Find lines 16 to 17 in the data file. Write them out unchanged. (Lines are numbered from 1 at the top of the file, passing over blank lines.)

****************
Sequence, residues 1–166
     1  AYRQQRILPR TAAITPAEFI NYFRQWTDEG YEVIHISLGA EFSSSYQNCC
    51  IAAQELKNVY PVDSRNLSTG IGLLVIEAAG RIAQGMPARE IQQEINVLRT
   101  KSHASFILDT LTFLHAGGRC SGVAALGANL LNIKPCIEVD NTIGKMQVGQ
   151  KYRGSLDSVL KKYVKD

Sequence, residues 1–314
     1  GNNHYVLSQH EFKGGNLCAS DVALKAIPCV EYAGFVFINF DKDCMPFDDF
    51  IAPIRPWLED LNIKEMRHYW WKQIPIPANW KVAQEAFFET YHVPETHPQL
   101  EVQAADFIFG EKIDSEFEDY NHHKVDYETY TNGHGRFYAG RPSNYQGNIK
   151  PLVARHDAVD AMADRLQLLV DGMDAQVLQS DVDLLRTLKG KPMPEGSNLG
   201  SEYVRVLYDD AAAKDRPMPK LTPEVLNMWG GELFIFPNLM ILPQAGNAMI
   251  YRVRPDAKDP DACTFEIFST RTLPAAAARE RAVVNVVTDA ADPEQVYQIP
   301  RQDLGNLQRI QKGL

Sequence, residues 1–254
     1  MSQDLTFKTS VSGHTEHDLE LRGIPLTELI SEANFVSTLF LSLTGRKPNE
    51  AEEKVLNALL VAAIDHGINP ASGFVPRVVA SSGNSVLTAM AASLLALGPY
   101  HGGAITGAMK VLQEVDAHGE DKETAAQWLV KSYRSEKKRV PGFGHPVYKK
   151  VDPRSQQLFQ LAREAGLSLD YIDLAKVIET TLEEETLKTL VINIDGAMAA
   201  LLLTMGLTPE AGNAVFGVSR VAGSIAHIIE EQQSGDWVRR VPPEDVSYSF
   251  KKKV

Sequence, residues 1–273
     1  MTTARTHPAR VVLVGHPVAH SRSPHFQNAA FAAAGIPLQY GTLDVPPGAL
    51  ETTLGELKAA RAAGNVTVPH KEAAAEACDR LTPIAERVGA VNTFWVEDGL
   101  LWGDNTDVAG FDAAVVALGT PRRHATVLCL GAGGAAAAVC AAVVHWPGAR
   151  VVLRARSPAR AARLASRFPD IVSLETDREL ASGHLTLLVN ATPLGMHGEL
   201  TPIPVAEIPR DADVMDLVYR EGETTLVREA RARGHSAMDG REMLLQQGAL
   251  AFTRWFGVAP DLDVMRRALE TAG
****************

    51  AEEKVLNALL VAAIDHGINP ASGFVPRVVA SSGNSVLTAM AASLLALGPY
   101  HGGAITGAMK VLQEVDAHGE DKETAAQWLV KSYRSEKKRV PGFGHPVYKK